#5: Read Successful Example Essays
Many students find it beneficial to see examples of successful essays from the past, especially because they often aren’t as familiar with autobiographical writing as we’d like them to be. These can be found from a variety of sources online, as well as from school counselors or private college coaches. I list this step last because I’ve found that some students didn’t like reading essays from my previous students. At worst, I’ve seen a few students lose motivation for writing their own essays because they found the samples so out of touch with their own experience.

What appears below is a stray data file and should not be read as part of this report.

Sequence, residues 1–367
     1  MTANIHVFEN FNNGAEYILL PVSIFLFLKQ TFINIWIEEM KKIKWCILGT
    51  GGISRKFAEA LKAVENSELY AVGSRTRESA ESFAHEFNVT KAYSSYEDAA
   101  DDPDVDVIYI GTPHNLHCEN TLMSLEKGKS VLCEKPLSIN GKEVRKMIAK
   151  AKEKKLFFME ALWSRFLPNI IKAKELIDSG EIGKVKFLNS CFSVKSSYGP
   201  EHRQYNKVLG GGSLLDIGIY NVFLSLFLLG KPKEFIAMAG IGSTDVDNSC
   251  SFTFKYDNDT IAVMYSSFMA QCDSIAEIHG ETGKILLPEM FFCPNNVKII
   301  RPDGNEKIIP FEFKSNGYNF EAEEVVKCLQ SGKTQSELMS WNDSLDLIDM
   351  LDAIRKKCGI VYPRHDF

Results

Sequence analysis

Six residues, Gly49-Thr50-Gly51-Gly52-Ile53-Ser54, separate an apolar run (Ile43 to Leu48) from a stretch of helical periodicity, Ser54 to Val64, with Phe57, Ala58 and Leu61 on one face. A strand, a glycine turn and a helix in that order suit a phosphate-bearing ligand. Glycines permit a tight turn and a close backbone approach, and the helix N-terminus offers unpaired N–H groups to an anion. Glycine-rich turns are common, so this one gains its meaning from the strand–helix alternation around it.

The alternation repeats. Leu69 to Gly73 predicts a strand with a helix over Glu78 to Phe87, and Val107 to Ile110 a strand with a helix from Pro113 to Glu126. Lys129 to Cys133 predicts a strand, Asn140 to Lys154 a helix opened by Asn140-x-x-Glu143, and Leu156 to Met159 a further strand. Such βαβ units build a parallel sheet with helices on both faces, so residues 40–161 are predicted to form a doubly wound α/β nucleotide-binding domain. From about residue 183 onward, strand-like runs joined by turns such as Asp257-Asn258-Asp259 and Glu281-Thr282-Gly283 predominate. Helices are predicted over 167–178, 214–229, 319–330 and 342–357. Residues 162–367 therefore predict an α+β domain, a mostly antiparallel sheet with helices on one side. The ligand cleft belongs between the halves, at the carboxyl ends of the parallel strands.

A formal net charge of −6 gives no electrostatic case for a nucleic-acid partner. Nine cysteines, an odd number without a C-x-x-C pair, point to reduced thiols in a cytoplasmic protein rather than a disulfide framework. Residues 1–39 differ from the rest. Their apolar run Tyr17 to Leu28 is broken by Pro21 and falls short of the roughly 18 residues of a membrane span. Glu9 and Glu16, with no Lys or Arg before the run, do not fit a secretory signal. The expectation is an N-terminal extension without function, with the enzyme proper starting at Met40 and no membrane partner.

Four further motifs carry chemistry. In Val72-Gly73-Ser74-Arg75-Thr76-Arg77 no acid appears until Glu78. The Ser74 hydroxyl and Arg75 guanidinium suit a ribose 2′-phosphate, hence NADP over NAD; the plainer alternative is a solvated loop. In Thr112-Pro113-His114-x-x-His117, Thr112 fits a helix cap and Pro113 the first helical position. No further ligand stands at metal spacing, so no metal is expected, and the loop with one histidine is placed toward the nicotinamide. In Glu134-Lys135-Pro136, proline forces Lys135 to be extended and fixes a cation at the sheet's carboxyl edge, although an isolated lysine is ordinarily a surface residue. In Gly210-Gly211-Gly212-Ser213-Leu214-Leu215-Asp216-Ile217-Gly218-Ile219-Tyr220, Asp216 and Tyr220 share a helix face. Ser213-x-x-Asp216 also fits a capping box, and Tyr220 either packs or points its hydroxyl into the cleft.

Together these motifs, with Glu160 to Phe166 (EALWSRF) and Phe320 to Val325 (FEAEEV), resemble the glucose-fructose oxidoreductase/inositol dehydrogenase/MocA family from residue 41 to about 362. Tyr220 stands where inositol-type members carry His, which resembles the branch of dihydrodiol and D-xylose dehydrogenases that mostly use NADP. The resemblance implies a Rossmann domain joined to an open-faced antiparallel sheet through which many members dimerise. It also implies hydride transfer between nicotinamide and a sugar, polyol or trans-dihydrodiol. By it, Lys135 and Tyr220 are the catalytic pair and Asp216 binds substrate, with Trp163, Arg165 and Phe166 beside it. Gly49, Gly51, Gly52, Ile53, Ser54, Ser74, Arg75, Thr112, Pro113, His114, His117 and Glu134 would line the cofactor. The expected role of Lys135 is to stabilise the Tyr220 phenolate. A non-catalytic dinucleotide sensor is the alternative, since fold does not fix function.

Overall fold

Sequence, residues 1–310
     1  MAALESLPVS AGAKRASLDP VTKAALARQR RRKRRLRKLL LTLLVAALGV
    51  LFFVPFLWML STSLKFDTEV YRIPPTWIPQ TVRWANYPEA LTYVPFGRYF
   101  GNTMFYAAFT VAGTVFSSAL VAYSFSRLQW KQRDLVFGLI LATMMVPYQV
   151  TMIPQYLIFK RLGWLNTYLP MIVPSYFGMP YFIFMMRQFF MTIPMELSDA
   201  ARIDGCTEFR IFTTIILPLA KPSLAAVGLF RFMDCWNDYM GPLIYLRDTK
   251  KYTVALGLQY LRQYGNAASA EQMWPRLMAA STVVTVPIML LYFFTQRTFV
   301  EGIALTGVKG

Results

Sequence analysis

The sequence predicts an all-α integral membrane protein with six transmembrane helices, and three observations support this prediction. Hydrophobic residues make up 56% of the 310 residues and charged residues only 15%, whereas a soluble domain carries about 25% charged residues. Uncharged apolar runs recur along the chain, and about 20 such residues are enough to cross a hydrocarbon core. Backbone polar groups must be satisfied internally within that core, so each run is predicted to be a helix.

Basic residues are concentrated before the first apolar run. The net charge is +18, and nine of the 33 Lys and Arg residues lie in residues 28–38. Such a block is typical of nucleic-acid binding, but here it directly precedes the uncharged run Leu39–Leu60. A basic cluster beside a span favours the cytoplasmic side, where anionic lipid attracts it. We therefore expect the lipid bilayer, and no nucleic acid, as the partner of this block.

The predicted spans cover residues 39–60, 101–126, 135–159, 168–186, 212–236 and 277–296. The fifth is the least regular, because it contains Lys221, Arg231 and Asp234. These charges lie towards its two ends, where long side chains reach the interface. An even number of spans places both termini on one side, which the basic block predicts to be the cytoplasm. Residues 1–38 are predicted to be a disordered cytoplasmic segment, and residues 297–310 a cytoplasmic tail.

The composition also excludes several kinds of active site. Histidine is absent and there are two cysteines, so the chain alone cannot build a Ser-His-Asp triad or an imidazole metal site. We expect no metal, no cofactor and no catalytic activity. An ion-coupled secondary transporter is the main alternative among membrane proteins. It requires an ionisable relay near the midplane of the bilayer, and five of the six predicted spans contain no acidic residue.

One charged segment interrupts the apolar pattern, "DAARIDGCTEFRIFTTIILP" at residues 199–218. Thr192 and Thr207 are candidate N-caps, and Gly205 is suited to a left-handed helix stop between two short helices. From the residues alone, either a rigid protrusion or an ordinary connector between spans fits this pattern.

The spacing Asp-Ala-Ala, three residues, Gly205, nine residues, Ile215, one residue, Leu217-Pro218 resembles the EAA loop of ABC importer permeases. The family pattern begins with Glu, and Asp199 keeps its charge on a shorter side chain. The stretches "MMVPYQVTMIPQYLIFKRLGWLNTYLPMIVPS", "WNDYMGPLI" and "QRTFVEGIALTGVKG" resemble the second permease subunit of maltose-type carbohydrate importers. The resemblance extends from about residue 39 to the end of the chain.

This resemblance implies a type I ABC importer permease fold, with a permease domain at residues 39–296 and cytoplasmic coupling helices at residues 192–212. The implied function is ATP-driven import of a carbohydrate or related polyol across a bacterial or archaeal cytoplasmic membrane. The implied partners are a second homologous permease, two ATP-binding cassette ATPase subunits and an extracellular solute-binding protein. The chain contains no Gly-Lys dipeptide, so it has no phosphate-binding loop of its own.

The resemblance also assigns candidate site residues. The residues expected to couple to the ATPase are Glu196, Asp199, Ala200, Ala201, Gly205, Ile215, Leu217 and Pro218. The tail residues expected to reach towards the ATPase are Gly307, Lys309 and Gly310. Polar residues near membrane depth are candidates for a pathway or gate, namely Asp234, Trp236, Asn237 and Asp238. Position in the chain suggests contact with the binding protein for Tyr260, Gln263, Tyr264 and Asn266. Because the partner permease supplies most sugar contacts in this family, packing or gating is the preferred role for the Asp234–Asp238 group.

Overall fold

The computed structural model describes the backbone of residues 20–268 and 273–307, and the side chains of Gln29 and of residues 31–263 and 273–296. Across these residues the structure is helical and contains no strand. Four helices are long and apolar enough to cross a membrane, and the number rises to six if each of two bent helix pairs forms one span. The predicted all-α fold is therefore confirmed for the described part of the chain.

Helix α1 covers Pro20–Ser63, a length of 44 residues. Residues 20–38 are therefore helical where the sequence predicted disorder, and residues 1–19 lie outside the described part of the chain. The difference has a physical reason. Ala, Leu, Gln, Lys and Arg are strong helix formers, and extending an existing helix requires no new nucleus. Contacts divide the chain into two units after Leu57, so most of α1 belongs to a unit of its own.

If you are going to read example essays, it’s worthwhile to seek out a sample that is similar to your own background. If you aren’t going to talk about a “life-or-death” experience, then you might not find it useful to read about the time someone gave CPR to a stranger at the public pool. If you have no experience in sports, then you might not be interested in reading someone’s personal statement about their devotion to lacrosse. However, there are always smaller details that you can pick and choose from each essay you read; keep an open mind and search for inspiration wherever you can!